1. These matters arise out of a suit brought by the present appellant for a declaration of his title to a certain land and an injunction or in the alternative for possession. The plaintiff originally acquired an interest in the land by a purchase. The defendant disputed that title. There was some sort of a fight in the course of which the plaintiff is alleged to have caused grievous hurt to one of the defendants. A criminal prosecution of the plaintiff resulted and it is common ground that there was a compromise of the disputes between the parties in order to put an end to the criminal prosecution and as a result of that compromise the plaintiff executed a settlement deed conveying his rights in the property to the defendants. This was followed up by another dispute, the plaintiff alleging that the conveyance executed by him in the course of criminal proceeding's was invalid. It would appear that there was a danger of a fresh resort to violence and that. The Police intervened and the Magistrate issued notice, to both parties under Section 145, Criminal Procedure Code. Thereupon the plaintiff filed the suit referred to above and two days after the filing of the suit, in pursuance, of an order prohibiting the parties, from entering upon the property in dispute, both the plaintiff and the defendants gave an undertaking to the Magistrate that they would not eater upon the property without orders of Court.
2. The suit dragged on for years. During the first year a Receiver was appointed who permitted the plaintiff to harvest the crops on terms. In the subsequent years the right to harvest the crops was auctioned by the Court and in each year the plaintiff was the successful bidder, and he executed a series of security bonds which have not been exhibited in these proceedings, but they were looked into by both the lower Courts, and I am informed that by their terms the plaintiff undertook to pay the amount of his bid whenever ordered to do so that the Court and gave his property as security for so doing. Fife suit terminated in a decree of the trial Court recognizing the title of the plaintiff and also finding that he was in possession. The matter was taken up in appeal and the Appellate Court found that the plaintiff was bound by his conveyance of title, to the: defendants and was, therefore, not entitled to the property, and in the circumstances found that no decision as to possession was necessary. After this decree dismissing the plaintiffs suit, the defendants filed an execution application in which they prayed for costs and interest, for realization of the profits during the period of the suit by the enforcement of the security bonds and for mesne profits by way of restitution during the period between the decree of the trial Court and the Appellate Court's decree. The learned District Munsif permitted execution to proceed for costs and interest, but rejected he application so far as it related to the enforcement of the security bonds and the claim for mesne profits the interval between the two decrees. The lower Appellate Court, disagreeing with the latter part of the decision of the District Munsif, held; that the security bonds could be enforced execution proceedings or by a separate suit according to their terms and according to the person in whose favour they were made out, and also held that the defendants were entitled to mesne profits on the analogy if restitution under Section 144, Civil Procedure code, with respect to the subsequent period, though the order would have to be passed under Section 151. Civil Procedure Code, as the: defendants were not, strictly speaking, ejected from the property by the operation of the decree which had been reversed.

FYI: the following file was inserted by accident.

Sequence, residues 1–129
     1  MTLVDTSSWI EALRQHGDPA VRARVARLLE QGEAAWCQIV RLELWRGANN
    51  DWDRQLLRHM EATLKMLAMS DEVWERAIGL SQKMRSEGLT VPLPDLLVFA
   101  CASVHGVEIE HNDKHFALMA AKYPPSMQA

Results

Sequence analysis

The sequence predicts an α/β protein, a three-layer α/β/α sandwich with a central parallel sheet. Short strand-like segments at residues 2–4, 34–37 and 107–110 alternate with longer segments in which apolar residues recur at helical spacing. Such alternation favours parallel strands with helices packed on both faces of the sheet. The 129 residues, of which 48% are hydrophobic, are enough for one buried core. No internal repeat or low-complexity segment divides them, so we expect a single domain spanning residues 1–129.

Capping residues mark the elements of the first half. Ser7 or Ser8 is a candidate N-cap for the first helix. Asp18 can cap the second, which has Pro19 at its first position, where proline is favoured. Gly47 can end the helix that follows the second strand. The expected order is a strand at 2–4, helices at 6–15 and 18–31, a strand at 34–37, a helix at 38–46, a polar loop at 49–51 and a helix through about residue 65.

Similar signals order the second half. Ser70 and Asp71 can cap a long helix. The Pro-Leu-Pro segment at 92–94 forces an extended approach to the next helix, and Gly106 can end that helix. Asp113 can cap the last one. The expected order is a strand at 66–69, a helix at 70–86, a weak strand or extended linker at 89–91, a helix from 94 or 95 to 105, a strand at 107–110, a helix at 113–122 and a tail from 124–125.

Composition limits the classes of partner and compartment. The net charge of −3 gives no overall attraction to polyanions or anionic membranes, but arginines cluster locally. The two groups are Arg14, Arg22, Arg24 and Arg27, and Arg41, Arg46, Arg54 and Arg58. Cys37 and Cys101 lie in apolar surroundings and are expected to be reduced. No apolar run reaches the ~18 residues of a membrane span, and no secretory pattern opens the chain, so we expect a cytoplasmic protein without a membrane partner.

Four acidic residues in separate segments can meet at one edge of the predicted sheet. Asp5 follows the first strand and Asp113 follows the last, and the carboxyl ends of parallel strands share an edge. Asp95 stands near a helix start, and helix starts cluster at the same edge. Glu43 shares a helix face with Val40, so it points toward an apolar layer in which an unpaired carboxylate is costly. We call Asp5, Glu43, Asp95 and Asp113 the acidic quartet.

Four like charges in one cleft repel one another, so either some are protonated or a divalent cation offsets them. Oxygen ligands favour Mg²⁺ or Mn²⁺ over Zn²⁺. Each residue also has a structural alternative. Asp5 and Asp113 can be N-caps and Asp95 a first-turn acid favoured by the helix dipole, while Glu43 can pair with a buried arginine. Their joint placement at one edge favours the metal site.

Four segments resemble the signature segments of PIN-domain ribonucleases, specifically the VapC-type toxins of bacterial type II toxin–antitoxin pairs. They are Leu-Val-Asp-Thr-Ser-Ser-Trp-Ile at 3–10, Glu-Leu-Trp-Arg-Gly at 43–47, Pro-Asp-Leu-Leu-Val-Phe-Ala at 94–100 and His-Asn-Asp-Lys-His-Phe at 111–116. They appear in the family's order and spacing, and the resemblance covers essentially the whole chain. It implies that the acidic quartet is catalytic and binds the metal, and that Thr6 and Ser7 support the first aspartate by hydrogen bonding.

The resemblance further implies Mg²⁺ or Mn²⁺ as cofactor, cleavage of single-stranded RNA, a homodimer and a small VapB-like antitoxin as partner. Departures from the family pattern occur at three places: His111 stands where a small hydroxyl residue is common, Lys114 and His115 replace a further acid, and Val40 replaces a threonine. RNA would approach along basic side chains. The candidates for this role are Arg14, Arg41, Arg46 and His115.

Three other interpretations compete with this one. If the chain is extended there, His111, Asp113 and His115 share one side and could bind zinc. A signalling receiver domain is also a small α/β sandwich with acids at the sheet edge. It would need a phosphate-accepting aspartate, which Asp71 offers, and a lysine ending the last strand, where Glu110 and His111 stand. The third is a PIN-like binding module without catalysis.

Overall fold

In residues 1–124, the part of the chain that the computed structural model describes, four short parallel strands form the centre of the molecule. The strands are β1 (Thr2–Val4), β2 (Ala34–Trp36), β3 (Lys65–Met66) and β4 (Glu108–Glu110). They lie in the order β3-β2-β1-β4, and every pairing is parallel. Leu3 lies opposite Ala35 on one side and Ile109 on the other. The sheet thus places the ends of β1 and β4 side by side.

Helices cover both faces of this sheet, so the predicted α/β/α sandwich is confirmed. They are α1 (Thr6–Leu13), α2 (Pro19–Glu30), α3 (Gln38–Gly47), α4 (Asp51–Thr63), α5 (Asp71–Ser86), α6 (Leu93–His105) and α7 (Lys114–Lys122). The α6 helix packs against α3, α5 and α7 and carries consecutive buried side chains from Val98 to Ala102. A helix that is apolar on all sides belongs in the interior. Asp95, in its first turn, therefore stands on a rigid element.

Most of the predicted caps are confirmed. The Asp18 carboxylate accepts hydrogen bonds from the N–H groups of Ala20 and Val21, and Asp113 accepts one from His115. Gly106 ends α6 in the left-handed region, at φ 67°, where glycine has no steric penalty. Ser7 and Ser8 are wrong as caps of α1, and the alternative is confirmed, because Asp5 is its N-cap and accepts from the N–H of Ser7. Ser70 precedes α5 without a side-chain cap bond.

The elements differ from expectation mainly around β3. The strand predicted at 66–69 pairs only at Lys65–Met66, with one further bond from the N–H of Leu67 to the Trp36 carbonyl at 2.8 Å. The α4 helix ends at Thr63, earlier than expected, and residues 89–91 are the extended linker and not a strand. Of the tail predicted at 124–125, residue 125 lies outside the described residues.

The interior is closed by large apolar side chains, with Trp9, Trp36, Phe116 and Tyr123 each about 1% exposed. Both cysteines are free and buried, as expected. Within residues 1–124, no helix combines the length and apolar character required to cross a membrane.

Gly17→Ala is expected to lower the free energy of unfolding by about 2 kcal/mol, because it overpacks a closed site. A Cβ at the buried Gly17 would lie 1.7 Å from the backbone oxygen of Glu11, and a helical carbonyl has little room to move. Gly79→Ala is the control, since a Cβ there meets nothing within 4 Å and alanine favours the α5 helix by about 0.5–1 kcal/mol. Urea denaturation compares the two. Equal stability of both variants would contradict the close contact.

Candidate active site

3. The plaintiff has filed both an appeal had a revision petition with the same grounds to cover any possible objection that a second appeal, does not lie. The main contention urged before me is that no appeal lay from the order of the District Munsif in so far as it relates to matters which do not fall strictly under Section 144, though the application was framed as coming under that section. The argument is that Section 151, under which the learned Subordinate Judge finds that the order should have been passed, is not an appealable section and that the order of the lower Court rejecting the application for the enforcement of the security bonds and subsequent mesne profit must be regarded not as an order under Section 144 but as an order under Section 151 and therefore it must be treated as one against which no appeal lay. The learned Subordinate Judge met this contention by a reference to the case in Raman Nambyar v. Pulasseri Thekkee : AIR1934Mad484 wherein it was held that the right of appeal is determined not, by what the Court should have done, but, by what it purported to do, and that if the Court purported to act under a provision of law which carries a right of appeal against the order, that right of appeal will exist even though the order should have been under another provision against which there is no appeal.